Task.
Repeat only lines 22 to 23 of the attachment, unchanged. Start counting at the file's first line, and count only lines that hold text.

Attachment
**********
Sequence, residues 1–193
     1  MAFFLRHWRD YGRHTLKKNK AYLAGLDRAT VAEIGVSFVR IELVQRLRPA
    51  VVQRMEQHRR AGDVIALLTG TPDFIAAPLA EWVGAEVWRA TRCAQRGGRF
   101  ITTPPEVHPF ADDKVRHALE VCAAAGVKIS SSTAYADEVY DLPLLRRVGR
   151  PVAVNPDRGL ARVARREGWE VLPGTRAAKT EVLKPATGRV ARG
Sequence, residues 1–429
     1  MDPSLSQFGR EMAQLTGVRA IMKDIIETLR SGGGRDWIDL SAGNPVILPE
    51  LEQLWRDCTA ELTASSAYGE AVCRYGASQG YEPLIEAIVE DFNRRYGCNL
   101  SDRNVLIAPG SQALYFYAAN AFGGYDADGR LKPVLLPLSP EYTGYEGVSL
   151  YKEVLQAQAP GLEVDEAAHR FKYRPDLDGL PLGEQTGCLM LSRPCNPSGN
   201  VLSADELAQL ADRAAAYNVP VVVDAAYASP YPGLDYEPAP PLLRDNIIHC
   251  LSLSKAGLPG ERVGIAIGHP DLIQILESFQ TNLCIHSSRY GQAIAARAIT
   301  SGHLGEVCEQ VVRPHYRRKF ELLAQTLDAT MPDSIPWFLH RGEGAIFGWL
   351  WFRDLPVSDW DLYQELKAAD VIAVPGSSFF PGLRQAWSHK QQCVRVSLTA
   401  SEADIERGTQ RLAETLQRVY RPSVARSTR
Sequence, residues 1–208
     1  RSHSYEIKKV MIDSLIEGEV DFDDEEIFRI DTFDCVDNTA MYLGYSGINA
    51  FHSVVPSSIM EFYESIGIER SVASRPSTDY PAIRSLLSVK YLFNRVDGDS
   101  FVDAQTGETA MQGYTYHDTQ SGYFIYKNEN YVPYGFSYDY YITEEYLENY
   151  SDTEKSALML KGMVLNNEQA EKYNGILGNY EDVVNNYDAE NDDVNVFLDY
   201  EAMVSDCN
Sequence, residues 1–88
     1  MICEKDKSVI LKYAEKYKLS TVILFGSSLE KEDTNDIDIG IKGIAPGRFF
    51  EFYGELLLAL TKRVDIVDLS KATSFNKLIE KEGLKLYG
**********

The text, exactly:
Sequence, residues 1–88
     1  MICEKDKSVI LKYAEKYKLS TVILFGSSLE KEDTNDIDIG IKGIAPGRFF